podcast | May 8, 2024 |
Why Kai Williamson lets her clients change their minds

For Kai Williamson, honesty is the best quality—a trait she developed through her first career: running a youth nonprofit. After graduating from Georgia Tech with a master’s in public policy at age 20 and launching an image consulting business (in response to requests from former classmates), Williamson soon found herself taking over her mother’s charity, Youth Enhancement Services Inc. In her five years at the helm, she grew the three-person organization into a team of 22—a training ground for scaling a business, building a team and taking intense financial accountability.

After an image consulting client asked for help with their interiors as well, Williamson started her own firm, Studio 7 Design Group, in 2014. Over the past decade, the Atlanta-based company has expanded to a team of nine women—but that level of growth was far from a foregone conclusion for the designer, despite her entrepreneurial streak. “I had no idea that it would scale to this size. I had no idea that I would enter the world of commercial design. I definitely only had the intention of working on residential projects,” she tells host Kaitlin Petersen on the latest episode of the Trade Tales podcast. “If I’m completely honest, there wasn’t a plan. I did not know what to plan for, because although I had studied technical elements of the industry, that’s very different from understanding the ethos and the growth trajectory of a design firm.”

Her outsider’s approach has inspired some valuable lessons, especially regarding billing. After a trial-and-error process testing various fee structures, she ultimately found that the administrative burden of hourly billing was a drain on her team’s productivity; instead, she landed on a three-tier, cost-per-square-foot flat rate based on the scope of work—one rate for furnishings, another for furniture and light renovation, and a third for new-build projects. Williamson also doubled down on a clear but firm cost-plus model and found a straightforward way to explain her fee structure to clients: “Our markup, which is the standard 25 percent, is super transparent. I’m not going back and forth around it. But the markup is really where you generate profitability and where you are covering your operational and administrative costs. That per-square-footage cost is covering our actual design time—sourcing, selecting, presenting, building elevations, building 3D models, drawings—as compensation for our technical and creative ability.”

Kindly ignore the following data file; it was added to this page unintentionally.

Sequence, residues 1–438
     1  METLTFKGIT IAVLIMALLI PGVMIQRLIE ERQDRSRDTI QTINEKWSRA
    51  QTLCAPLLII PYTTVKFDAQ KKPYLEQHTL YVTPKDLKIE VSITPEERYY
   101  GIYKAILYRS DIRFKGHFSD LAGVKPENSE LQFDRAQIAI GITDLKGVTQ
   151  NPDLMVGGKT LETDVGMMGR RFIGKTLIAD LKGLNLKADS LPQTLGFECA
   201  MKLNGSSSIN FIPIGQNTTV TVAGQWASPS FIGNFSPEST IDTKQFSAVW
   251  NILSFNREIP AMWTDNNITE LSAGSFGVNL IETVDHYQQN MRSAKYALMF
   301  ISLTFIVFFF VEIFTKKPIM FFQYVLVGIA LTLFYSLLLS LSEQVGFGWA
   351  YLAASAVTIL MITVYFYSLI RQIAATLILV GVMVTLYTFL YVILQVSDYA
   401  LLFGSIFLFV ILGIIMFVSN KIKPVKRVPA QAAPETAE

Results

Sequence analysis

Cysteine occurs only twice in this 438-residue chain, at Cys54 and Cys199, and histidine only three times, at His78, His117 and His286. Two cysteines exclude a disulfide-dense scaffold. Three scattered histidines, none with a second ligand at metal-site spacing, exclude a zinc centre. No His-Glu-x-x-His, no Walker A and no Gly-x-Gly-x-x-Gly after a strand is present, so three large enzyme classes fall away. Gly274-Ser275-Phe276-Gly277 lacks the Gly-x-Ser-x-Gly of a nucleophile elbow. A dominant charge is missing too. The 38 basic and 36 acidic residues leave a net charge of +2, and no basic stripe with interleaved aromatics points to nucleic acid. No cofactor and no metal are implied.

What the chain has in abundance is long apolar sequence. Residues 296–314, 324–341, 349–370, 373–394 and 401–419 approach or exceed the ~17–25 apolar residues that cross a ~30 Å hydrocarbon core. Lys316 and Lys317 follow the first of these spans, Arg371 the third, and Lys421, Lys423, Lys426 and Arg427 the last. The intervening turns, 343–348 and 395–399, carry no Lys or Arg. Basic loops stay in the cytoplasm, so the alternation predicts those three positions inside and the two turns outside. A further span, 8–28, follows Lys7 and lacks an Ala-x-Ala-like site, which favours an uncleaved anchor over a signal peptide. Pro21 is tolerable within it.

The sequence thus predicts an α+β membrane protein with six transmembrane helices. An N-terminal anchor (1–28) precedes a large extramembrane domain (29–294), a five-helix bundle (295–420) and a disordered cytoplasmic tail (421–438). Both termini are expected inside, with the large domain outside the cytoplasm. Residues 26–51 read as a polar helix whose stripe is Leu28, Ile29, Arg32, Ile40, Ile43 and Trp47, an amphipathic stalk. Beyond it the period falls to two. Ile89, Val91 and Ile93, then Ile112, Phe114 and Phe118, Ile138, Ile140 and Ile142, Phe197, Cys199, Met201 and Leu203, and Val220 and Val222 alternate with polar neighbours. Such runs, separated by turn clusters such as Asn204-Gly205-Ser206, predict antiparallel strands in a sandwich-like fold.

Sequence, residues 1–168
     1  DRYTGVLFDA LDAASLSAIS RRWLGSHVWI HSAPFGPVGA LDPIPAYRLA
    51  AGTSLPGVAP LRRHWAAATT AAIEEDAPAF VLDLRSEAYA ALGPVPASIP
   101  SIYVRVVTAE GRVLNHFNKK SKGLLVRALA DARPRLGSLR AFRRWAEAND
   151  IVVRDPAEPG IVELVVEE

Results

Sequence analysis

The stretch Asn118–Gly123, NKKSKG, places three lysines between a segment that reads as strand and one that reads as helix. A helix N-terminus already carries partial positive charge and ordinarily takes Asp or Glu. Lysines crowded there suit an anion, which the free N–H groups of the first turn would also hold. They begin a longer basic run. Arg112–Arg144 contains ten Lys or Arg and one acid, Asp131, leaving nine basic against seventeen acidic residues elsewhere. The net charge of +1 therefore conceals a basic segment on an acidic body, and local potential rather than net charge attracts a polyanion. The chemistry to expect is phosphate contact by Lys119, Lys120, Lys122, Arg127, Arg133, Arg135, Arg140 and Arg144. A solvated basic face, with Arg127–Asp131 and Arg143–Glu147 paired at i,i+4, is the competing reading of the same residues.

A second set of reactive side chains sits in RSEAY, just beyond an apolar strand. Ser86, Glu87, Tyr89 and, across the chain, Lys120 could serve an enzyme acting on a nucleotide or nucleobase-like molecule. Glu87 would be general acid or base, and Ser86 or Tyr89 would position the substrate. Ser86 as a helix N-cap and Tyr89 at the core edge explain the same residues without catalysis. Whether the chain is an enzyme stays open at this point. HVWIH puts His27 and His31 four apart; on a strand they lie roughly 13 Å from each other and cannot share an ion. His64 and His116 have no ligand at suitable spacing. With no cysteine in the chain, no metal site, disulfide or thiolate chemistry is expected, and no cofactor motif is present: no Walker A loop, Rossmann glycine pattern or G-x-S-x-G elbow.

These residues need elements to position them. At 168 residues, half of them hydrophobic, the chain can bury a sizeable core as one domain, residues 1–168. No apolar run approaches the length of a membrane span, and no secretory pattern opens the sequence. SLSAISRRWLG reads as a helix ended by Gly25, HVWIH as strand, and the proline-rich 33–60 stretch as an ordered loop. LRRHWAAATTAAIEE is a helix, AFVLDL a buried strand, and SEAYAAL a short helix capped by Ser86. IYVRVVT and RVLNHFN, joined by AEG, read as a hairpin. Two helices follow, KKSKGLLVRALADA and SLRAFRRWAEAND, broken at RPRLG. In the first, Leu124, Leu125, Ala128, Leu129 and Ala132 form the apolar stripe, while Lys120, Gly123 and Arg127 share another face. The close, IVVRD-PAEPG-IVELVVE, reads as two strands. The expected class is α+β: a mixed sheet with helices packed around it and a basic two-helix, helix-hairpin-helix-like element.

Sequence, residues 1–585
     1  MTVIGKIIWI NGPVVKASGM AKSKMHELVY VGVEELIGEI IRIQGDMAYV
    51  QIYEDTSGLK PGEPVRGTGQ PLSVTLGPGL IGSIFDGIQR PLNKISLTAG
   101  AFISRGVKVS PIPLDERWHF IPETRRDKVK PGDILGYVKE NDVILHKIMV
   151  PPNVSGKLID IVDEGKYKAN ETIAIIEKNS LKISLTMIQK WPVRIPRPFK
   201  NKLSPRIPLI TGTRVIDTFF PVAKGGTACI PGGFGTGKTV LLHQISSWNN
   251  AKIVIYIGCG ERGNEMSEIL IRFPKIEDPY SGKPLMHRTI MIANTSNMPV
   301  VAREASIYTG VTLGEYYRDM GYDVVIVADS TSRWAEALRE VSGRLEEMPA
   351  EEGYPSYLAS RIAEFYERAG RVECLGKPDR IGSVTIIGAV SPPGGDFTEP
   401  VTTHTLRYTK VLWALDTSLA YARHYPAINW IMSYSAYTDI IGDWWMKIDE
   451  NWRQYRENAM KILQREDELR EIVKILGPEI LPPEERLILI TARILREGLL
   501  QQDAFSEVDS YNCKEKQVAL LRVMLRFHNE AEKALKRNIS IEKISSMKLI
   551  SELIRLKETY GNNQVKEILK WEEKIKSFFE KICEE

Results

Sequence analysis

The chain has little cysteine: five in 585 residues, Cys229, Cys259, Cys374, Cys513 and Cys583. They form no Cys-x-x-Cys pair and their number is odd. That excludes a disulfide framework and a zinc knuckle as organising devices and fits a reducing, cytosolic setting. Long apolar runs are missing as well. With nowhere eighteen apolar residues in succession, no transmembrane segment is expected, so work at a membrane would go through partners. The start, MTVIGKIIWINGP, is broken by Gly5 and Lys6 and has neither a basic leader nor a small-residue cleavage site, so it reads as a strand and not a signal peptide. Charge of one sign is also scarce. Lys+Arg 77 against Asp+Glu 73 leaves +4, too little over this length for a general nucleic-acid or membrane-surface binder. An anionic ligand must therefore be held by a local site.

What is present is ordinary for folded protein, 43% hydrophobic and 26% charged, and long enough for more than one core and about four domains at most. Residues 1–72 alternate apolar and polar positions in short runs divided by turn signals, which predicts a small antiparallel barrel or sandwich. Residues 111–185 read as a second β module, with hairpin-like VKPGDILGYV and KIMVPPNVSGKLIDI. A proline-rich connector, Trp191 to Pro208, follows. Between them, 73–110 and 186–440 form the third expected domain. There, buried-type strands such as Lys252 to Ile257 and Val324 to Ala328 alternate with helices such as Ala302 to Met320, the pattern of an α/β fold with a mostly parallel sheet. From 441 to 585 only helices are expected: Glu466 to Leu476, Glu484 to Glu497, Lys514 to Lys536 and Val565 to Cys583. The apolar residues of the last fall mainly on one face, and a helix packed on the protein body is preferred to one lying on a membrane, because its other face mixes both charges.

Elsewhere in the episode, the designer shares why she’ll always let clients change their minds and share new inspiration, how she’s finding new ways to put company culture at the forefront, and how getting published in Architectural Digest after a decade of under-the-radar work has changed the leads coming in.

Crucial insight: Williamson’s tip for designers beginning to grow their firm: Hire someone at your level or higher—not an assistant or junior designer. “You can really create capacity for growth and learn from them, versus hiring someone to do the tasks that you don’t like or want to do,” she says. “I just don’t feel like that’s where you become stronger as a company. Ultimately, that first hire [should be] someone who can be a creative sounding board, like, ‘Hey, how should we approach this?’”

Key quote: “Clients really appreciate my honesty. I am insanely honest. I don’t know any other way to be, and I just am who I am. I think it goes back to my nonprofit days of having to be in service and working with 200 young people per year and seeing how so many elements and variables are affecting their lives. I take that same kind of energy into interior design. I care about your project. I care about the choices you’re making. I just want to give you all of the information so that I don’t take away your choice.”

Listen to the show below. If you like what you hear, subscribe on Apple Podcasts or Spotify. This episode was sponsored by Universal Furniture.

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